Longings and Legacy: Church Planting in AfricaBy Corey Schmatjen
March 18, 2021
In Rwanda, cobbled volcanic rocks masquerade as roads. They alone serve as justification for one of the coolest vehicles on earth, the Toyota Land Cruiser. As John Samvura and I traveled in his friend’s iconic African SUV, we climbed steadily above the city of Gisenyi and the heavily trafficked border with Congo (DRC).
Green. Verdant green is everywhere in this country dubbed “the land of a thousand hills.” The same volcanoes that make land travel so bone-jarring, are also that which make the soil incredibly fertile.
Pastor John was taking me to the village of Kabumba. The name perfectly captures the energy, thumps and bumps required to get there. This is the place that he and his team has chosen to be the location of the next church plant of Harvest Mahoko, and his young church planting network.
Talk to Pastor John for just a few brief minutes and you will hear about his vision for church planting. Kabumba is a pictorial representation of all that animates him about church planting. It’s the joy of seeing regeneration and new growth. It’s the showcasing of Christ’s creative genius and resurrection glory. It’s the new growth and spiritual harvest that comes from dying to self (the cruciform way):
Truly, truly, I say to you, unless a grain of wheat falls into the earth and dies, it remains alone; but if it dies, it bears much fruit. (John 12:24)
Kabumba is a vibrant, fruitful farming community. Its hillsides serve as the food bank for western Rwanda. Corn, Irish potatoes, sweet potatoes, beans, cabbage, carrots, onion, cauliflower, and garlic are just a few of the vegetables grown here. Unlike North America or Europe, these food staples are grown year-round due to the elevation, favorable climate, and consistent equatorial daylight.
If John has his way, churches will be planted year-round as well. It’s always a good time to plant in Rwanda! What’s true for carrots is also true for new churches. He believes this, knowing that his first church plant is very much a work in progress—as is the church building they are constructing.
John and I have spoken extensively about his network’s next thirteen church plants. And that’s just in Rwanda and Congo. His prayer is that multitudes of church planters will be raised up to reap the harvest across the border in Burundi, Tanzania, Uganda, and Kenya as well.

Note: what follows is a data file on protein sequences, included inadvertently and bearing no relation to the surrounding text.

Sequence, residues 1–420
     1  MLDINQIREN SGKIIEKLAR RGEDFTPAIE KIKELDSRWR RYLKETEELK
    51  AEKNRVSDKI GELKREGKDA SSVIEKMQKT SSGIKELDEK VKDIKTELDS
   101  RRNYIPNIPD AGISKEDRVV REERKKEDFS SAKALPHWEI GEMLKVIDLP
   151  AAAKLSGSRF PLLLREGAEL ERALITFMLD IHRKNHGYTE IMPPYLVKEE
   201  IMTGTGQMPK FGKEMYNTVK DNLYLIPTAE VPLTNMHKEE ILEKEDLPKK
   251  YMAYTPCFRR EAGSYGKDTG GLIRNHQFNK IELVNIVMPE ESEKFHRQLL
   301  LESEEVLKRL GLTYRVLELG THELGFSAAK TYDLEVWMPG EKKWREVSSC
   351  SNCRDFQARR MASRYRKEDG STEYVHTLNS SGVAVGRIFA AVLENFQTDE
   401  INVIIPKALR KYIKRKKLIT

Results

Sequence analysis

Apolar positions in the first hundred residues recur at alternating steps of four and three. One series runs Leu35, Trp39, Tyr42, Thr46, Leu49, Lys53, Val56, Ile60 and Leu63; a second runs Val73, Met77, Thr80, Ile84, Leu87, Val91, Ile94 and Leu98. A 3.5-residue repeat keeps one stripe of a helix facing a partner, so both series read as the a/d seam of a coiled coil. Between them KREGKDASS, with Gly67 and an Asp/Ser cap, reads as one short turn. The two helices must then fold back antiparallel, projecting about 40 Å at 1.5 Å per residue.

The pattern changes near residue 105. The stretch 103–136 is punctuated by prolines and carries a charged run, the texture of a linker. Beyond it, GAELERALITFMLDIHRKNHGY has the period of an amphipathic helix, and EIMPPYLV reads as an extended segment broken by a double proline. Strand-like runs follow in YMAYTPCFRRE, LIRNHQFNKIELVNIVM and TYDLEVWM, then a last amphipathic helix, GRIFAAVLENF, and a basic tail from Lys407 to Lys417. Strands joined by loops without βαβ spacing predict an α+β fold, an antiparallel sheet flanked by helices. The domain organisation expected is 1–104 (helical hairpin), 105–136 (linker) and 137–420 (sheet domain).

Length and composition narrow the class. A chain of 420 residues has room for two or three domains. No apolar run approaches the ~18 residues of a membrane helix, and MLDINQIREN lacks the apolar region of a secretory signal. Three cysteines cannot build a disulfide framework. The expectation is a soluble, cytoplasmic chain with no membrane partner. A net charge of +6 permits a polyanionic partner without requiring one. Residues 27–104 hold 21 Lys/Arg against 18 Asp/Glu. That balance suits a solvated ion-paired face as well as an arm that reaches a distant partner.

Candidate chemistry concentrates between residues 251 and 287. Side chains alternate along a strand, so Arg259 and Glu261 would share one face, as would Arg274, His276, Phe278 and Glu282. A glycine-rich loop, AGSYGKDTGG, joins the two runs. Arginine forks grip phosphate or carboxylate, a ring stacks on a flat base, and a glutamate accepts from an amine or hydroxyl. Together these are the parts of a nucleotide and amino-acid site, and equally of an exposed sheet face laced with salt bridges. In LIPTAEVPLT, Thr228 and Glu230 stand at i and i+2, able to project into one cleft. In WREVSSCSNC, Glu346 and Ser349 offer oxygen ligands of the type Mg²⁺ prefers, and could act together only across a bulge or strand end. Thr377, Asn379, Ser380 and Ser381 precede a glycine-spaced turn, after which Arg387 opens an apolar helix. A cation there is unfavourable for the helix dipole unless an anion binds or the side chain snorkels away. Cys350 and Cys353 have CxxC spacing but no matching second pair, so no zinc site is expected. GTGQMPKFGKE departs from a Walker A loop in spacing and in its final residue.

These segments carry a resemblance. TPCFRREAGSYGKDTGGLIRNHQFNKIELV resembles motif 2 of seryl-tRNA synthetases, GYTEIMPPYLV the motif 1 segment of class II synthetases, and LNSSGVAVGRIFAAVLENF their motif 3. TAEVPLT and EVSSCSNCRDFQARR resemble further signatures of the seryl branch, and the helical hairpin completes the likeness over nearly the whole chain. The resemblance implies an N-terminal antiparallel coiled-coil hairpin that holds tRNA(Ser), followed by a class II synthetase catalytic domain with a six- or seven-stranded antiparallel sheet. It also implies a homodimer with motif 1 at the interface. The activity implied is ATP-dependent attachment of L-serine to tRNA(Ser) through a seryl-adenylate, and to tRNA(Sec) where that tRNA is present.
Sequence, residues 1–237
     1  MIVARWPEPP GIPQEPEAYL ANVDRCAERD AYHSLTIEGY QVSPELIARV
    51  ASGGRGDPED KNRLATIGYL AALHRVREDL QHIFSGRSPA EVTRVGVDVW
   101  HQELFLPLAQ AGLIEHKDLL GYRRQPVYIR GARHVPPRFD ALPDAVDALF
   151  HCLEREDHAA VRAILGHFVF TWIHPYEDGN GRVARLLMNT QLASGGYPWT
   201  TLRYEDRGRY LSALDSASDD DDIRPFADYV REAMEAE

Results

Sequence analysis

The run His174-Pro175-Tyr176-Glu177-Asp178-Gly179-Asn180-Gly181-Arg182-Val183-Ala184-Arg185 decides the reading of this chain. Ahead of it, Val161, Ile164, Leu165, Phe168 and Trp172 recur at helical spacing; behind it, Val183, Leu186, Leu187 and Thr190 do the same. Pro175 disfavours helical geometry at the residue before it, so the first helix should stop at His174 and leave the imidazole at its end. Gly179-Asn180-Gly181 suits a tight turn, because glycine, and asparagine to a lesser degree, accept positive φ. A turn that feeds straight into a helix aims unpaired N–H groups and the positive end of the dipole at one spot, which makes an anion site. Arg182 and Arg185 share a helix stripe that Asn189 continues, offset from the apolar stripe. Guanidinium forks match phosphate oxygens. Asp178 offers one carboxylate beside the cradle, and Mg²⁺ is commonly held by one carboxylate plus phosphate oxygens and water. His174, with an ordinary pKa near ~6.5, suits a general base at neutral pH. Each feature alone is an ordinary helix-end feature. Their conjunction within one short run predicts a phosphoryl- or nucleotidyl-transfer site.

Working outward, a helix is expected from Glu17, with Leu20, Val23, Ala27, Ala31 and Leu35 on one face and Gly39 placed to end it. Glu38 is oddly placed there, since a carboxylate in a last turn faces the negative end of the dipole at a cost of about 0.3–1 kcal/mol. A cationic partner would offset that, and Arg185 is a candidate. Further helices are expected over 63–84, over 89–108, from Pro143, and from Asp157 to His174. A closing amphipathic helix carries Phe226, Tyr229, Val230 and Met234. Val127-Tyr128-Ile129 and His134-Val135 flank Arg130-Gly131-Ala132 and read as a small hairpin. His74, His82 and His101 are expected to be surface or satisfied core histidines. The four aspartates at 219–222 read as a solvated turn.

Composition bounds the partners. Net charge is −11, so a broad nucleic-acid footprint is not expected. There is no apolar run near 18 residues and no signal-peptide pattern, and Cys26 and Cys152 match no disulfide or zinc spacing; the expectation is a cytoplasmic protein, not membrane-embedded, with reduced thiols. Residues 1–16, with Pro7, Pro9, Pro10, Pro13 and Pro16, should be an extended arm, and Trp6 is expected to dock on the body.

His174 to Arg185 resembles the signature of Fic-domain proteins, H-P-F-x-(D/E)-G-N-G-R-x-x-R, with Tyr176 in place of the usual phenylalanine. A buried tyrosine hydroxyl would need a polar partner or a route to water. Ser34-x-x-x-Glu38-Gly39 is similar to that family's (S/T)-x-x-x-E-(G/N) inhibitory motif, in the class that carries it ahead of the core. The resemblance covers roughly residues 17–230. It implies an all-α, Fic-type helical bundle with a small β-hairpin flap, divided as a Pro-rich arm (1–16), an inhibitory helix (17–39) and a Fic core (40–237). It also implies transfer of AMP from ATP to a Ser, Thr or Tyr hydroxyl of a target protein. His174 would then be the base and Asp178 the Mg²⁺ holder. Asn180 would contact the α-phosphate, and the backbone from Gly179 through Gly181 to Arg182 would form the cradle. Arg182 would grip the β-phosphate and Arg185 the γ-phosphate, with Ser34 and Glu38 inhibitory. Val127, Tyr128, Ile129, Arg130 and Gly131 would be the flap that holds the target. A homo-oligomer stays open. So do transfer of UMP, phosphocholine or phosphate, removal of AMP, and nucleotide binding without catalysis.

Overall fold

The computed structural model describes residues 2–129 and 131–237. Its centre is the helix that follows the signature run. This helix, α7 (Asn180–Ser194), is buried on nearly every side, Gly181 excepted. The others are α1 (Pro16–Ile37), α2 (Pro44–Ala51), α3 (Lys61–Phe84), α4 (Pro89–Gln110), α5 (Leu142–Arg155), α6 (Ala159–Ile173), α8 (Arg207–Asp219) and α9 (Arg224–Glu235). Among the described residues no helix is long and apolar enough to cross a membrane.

But on this day, we were here to see Kabumba. He showed me one field in particular. All I saw was a bunch of green onion shoots reaching for the sky. What he saw with eyes of faith was a vibrant, gospel-rooted worshipping community of believers, with hands lifted high.
This is where he wants to plant a church—in the middle of a farming community. With a potential church planter and a core team of 60 people, John and church are poised to plant. Two years ago, however, the laws changed in Rwanda, requiring each church to own land and an approved building in order to be legal and compliant. They have the laborers, now they are seeking funds to purchase the land, a critical part of their church planting strategy. When God supplies the needed funding, Harvest Kabumbawill be “farming.”
Church planting is John’s joy. It’s about springtime and harvest. Sowing and reaping. And doing it all over again. It’s all that Kabumba represents.
A Shared Legacy
But there’s another aspect of church planting that seems to reside deep within John. It’s legacy.
John’s father was a pastor and a prolific church planter. Andres Samvura planted over 300 churches in his lifetime, in Rwanda and Congo. (I had to question the number to make sure I heard correctly!) For those who know Rwanda’s history and his father’s story, he literally gave his life for the gospel and church planting. His father died in 1997.
Truly, truly, I say to you, unless a grain of wheat falls into the earth and dies, it remains alone; but if it dies, it bears much fruit.
John has taken up his father’s church planting mantle. Planting churches wasn’t always his ambition as a CPK (Church Planter’s Kid). But God has a way of changing all that and creating a legacy, a testimony to his faithfulness.
Legacy isn’t just about preserving or perpetuating the past but living (and dying) for an anticipated future harvest. It’s about multiplying one’s influence and fruitfulness beyond one’s years.
The strong desire and instinct to establish a legacy through children is at work in Harvest Mahoko. Under John’s leadership, the churchseeks to extend and expand its impact into further fields of harvest where there will be new birth and new growth.
Church planting is a means by which a father’s fruit-bearing legacy lives on.
As a church planting network, GCC seeks to plant healthy local churches, typically in our own nearby communities, counties, or country (networks). But our commitment to global church planting means that we also come alongside church planters and networks far afield, in other countries and regions of the world.
We befriend, encourage, equip, and support indigenous church planters like John to see like-minded networks of church multiplication emerge and thrive.
We do it for the glory of God. But we also do it for our joy. A real, palpable joy. Nothing quite lights up John’s eye like his driving desire to see others succeed and sent out into the harvest field (Mat. 9:38). He and his wife Zawadi have sacrificed much to see church planters raised up and new works begun in Rwanda and Congo. They do it with exceeding joy.
Let it be the thrill, honor, and joy of every church in GCC to help see church planters sprung forth into the harvest and churches sprung up from the fertile soil of East Africa…and beyond. Let’s do this! A spiritual harvest awaits. Kabumba!
Feature image: Emmanuel, John Samvura, and Joel. Credit: Corey Schmatjen